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UPMC Surgical Oncologist Named 2012 Alliance for Cancer Gene Therapy Investigator 

PITTSBURGH, Oct. 12, 2012 – The Alliance for Cancer Gene Therapy (ACGT) has named UPMC surgical oncologist Herbert Zeh III, M.D., FACS, the 2012 ACGT Investigator. The award comes with a $500,000 grant that will allow him to continue his promising research focused on gene therapy for pancreatic cancer.
 
This award is part of the organization’s Fund for Advancement, which aims to stimulate innovation and progress by supporting translational research. The ACGT recognizes the potential that gene therapy approaches hold for cancer treatment and is attempting to provide more resources to push these studies into clinical trials.
 
Dr. Zeh’s expertise lies in cancers and diseases of the pancreas and the use of state-of-the-art robotic technology. This award will allow Dr. Zeh and his team to continue focusing on immunotherapy techniques using viruses to stimulate the immune system to fight pancreatic cancer.
 
“I am honored to receive this generous award from the ACGT. Studies utilizing gene therapy as a treatment technique for pancreatic cancer have shown great promise to date. It is my hope that my research will bring the medical community one step closer to beating pancreatic cancer,” said Dr. Zeh.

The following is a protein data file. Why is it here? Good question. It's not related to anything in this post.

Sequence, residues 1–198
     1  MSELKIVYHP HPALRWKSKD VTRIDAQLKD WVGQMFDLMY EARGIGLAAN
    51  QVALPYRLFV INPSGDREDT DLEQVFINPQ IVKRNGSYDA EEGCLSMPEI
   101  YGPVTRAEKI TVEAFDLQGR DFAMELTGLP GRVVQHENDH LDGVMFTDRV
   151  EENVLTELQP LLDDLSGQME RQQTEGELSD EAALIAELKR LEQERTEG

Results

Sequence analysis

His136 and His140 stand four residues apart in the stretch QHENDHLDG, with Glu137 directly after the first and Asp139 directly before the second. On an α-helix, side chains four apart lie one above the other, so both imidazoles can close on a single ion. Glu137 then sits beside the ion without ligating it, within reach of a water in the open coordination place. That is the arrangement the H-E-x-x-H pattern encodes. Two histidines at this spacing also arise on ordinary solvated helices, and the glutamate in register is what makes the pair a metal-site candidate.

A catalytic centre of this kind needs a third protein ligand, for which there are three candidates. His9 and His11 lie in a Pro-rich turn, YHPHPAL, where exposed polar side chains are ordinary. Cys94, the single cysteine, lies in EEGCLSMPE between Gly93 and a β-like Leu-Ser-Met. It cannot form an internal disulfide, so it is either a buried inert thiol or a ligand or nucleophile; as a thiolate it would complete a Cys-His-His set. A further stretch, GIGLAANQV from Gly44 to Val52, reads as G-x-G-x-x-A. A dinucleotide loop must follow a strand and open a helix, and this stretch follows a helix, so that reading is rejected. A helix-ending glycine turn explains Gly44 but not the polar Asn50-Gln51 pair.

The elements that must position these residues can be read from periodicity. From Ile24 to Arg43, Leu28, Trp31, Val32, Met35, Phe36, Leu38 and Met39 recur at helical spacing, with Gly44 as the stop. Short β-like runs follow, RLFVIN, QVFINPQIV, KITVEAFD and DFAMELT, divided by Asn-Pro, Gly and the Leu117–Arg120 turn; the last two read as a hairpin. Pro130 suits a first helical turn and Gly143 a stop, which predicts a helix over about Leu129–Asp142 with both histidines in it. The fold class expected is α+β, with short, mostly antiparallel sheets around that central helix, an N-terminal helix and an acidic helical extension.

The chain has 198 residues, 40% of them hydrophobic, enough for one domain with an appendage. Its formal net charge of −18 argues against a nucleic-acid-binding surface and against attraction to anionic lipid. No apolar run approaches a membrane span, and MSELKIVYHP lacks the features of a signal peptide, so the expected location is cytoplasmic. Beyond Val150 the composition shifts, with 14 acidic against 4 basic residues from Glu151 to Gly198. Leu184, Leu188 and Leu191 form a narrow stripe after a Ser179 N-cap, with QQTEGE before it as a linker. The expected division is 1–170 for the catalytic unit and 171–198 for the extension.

His proposal utilizes a gene therapy approach that has proven extremely successful in the laboratory. In these newly-funded studies, Dr. Zeh’s team will use a modified virus to produce hormones that attract a tumor-fighting T-cell that not only kills cancer but also protects the patient against potential recurrence. This approach, also used to treat patients with brain tumors, has proven toxic to cancer cells and also holds greater potential for long-term survival.
 
Dr. Zeh is chief of the Division of Gastrointestinal (GI) Surgical Oncology at UPMC CancerCenter and co-directs the UPMC Pancreatic Cancer Center, as well as the UPCI GI Oncology Program at UPMC.  Dr. Zeh, associate professor of surgery at the University of Pittsburgh School of Medicine, received his bachelor’s degree from the University of Notre Dame and his medical degree from the University of Pittsburgh School of Medicine. He has received Pitt’s award for excellence in clinical trial development. He is the principle investigator on four trials for pancreatic cancer and oversees a translational research lab study.

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